The economic shutdown resulting from this pandemic is historically unprecedented. Never before have we collectively decided to close entire sectors of our economy, and dramatically curtail others in service of a greater good – our collective health. BC has weathered both this pandemic and the ensuing lockdown in large part because of the sacrifices and courage of working people. They have continued to do the important work of treating the sick, providing vital public services, and ensuring we can continue to have the necessities of life. COVID-19 has revealed that essential portions of BC’s economy depend on frontline workers.

But as public respect for the value of their work has grown, so has our recognition of the many gaps this pandemic has exposed. For example, we better understand the paramount importance of workplace safety and standards, the need for robust public services and social supports, and our collective responsibility to address the continued marginalization of vulnerable populations.

We have the chance as our economy emerges from hibernation to address those gaps, and to do much more. The choices we make in the coming weeks and months can help us build an economy – and a province – equipped to address climate change while prospering along the way. Our choices must acknowledge and genuinely embrace reconciliation with Indigenous peoples and communities. Our choices must secure opportunities and equity in every community of this province.

There will always be voices who suggest we move in the opposite direction: that the public sector should retreat from the economy and the community; that working people who were this province’s lifeline revert back to less protections, poorer working conditions and lower wages; that vulnerable populations remain vulnerable; that we should abandon years of progress toward reconciliation. They will argue that all of this will make business more competitive and generate jobs.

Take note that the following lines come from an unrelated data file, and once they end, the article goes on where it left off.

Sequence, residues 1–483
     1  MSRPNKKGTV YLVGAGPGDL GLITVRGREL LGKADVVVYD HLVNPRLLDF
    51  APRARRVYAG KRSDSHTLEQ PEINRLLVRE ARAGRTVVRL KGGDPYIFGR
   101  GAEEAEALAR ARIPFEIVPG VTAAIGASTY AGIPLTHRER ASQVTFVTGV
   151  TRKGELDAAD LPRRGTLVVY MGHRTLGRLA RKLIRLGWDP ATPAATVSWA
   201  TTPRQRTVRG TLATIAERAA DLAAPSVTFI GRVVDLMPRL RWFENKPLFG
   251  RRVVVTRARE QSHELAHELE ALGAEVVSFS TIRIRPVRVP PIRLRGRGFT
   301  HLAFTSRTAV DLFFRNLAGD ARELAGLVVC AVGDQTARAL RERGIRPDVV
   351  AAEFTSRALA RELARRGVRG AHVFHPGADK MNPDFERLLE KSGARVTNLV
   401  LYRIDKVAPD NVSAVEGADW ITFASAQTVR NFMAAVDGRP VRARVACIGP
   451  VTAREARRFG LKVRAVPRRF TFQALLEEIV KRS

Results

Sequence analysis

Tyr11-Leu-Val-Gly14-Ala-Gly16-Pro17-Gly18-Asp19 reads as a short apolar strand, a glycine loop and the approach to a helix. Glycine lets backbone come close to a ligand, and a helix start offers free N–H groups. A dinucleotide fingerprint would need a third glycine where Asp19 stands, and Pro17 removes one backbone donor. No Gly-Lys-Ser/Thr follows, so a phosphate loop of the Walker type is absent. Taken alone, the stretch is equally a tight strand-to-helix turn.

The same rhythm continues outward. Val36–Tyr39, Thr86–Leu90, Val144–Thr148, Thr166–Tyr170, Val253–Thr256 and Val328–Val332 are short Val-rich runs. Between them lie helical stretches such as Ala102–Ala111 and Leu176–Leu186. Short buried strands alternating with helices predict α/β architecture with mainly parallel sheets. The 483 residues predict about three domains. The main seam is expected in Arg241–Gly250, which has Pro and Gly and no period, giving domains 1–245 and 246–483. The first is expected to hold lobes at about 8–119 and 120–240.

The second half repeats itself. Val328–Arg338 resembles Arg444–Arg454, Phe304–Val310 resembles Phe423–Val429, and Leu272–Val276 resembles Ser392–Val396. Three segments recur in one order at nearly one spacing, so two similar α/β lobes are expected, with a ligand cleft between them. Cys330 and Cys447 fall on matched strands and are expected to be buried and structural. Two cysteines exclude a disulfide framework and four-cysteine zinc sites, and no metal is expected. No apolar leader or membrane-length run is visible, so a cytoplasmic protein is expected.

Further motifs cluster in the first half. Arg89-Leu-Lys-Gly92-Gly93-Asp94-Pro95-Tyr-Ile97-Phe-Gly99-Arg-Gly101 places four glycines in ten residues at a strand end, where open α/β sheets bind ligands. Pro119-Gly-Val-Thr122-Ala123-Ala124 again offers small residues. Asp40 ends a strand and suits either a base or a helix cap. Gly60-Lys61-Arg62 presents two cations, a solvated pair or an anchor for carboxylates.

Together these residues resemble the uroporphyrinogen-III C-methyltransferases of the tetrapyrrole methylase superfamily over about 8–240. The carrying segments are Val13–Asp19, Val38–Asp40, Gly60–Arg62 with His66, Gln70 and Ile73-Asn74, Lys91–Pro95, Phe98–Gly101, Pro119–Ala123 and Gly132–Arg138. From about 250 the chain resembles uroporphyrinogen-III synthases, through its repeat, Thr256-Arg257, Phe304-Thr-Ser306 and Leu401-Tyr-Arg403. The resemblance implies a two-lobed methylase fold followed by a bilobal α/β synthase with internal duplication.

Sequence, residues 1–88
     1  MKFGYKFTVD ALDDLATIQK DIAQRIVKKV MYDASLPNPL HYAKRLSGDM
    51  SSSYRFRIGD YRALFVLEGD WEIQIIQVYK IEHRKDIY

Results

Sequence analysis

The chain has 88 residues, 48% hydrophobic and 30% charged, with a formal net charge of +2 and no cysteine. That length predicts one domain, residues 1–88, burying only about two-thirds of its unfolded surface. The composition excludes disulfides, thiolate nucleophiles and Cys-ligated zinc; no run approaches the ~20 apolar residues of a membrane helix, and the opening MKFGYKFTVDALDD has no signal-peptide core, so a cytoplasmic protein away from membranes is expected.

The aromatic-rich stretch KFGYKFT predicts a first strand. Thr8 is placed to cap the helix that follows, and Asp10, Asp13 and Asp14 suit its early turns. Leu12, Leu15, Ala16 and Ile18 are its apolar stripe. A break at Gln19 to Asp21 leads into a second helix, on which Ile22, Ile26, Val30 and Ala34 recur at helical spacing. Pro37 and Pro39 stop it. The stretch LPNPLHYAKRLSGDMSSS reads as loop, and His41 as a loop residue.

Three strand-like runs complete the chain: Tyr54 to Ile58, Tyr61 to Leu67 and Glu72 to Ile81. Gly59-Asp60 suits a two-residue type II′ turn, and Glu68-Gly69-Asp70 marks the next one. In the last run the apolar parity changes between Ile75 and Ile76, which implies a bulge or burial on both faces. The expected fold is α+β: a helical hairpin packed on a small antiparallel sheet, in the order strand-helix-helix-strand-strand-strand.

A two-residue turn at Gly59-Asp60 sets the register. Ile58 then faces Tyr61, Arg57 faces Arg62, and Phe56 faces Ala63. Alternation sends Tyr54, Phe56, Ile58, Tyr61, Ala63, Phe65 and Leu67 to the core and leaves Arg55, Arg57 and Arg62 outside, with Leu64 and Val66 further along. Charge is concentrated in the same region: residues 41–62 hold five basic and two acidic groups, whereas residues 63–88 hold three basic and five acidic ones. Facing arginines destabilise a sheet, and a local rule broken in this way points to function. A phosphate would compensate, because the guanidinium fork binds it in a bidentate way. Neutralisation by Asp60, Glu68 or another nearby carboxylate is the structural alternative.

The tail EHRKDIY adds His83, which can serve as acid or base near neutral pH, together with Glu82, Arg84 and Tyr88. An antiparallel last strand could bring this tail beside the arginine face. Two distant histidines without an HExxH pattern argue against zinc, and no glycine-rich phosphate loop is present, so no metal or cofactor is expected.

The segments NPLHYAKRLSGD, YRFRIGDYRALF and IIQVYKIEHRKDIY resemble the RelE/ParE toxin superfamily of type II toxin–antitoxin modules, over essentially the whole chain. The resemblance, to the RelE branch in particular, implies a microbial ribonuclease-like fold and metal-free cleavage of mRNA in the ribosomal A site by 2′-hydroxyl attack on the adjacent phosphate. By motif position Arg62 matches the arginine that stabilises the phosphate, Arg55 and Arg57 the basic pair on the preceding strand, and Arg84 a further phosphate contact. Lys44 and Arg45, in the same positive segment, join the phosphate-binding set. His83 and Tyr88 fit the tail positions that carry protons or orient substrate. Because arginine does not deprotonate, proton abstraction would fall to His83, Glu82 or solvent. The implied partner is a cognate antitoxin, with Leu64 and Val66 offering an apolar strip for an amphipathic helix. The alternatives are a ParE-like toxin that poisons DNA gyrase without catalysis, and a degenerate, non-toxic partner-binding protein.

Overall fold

But even in an unprecedented situation, we can learn from history. And history tells us again and again – from the Great Depression through countless recessions and downturns – that ’austerity‘ only serves to freeze out working people and the most vulnerable, enriching a handful of already-wealthy people while hollowing our communities and leaving most of us to fend for ourselves. Austerity, in fact, is why we have many of the gaps this pandemic has so glaringly exposed in the first place. We also know that this pandemic will not impact people or communities equally, and thus our response must work to decrease these inequities, rather than exacerbate them. We can’t cut and slash our way back to where we were before – let alone to a better, fairer, more sustainable and more prosperous future.

Read the text (PDF).